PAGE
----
What is God?
Rabbi Moshe Ben-Chaim
Reader: Thank you for your thought provoking article “God is not Here.” It generated the following contemplation: Among our discussions on Pesach, we spoke of the great challenge the Jews had in altering their concept of God. Heretofore, they had lived with the gross misconception of their Egyptian upbringing, viz. that God had some form of corporeality. It was a tangible entity with which they could connect. Now they were expected to accept the concept of Hashem, this mysterious, unknowable Deity that was somehow totally transcendent, beyond description, with zero chance of even grasping an iota of His essence. This was indeed a tall order for the Jewish people, a supreme challenge.
As a result of these ideas, we came to our own challenge: If Hashem is totally beyond grasp, so what exactly is our thought when we pray? To whom or what are we addressing? To Hashem in His essence, that is impossible; to some this-world entity, a creation, then we are dangerously treading upon the precipice of idolatry.
So what then should be in our thoughts [of what God is] when we pray?
Somewhat confused and seeking clarification.
Thanks. Kol Tuv.
Rabbi: Rabbi Israel Chait answered:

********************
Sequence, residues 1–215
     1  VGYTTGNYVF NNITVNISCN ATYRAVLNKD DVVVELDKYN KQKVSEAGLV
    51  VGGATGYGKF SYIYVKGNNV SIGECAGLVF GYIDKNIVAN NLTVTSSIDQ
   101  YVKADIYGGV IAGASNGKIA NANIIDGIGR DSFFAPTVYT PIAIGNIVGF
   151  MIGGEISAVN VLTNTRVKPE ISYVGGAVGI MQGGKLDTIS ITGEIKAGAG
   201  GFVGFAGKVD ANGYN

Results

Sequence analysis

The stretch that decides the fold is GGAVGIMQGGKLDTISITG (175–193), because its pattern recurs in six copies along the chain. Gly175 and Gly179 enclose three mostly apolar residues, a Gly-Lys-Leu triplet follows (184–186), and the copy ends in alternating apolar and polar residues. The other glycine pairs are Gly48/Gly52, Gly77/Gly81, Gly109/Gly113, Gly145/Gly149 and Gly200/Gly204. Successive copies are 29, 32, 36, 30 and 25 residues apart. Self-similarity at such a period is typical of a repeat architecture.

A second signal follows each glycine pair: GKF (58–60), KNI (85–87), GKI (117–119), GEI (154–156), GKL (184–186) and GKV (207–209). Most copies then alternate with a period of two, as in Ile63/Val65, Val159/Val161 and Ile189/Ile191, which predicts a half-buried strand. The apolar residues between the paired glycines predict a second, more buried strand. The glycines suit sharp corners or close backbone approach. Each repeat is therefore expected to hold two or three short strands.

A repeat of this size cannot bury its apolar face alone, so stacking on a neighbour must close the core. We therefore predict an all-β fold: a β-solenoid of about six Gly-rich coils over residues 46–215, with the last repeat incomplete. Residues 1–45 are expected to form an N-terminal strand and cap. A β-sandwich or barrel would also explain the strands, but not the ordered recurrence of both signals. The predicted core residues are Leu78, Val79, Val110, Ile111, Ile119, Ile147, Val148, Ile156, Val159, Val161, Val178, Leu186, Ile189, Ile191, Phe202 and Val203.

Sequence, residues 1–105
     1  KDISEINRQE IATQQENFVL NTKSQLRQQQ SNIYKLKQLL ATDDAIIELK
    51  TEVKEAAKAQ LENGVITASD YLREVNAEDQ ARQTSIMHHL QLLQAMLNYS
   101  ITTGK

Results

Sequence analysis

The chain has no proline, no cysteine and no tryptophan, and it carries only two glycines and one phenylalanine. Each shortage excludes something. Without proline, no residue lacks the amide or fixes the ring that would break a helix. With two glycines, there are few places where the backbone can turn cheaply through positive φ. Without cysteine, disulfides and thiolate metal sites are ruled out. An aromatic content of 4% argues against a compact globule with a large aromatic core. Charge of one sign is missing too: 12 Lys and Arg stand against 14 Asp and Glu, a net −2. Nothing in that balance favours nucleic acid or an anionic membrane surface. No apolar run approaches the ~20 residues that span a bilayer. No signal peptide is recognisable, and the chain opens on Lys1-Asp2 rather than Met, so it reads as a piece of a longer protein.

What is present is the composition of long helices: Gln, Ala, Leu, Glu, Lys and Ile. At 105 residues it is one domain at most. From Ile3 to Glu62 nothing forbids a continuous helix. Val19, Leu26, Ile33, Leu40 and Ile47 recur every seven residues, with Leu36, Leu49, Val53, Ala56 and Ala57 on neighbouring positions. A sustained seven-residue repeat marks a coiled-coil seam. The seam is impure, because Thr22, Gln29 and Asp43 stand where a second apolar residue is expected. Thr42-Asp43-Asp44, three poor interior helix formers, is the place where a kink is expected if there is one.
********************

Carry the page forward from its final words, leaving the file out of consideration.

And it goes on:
“First we must negate the premise of the idolaters, mainly [their misconception] that the only thing that’s real is the physical. Then we say just the opposite: What is truly real is not physical, and He is the source of all existence; He has created and controls everything that exists. This is all subsumed under the first of the 10 Commandments, “I am God.”
In the second commandment—“Do not have any other gods”—we posit that we can’t worship anything physical, even if we believe that the non physical is the source of all existence.”
Rabbi Chait says that we must accept God as being non-physical and exclusively in control of all else. He also says that, even if we do accept this, we cannot worship anything else. Thus, we must agree that all that exists is due to something non-physical, and we also must not worship anything else.
Since God told Moshe that “man cannot know Me while alive” (Exod. 33:20), it is impossible to have any concept of God. Maimonides explained that we cannot have any positive knowledge of God, but only negative knowledge: i.e., He is not cruel, He is not unjust, He is not ignorant. What we can know are His actions and his words. Our concept of God is that He is the sole source of the universe and the author of Torah, the being that has Providence over the righteous and over the Jewish Nation.
It is for this reason that our morning prayers start with “Blessed is the One who spoke and the world came into existence.” Before commencing our prayers we must first define before whom we pray. And this is the Creator of all.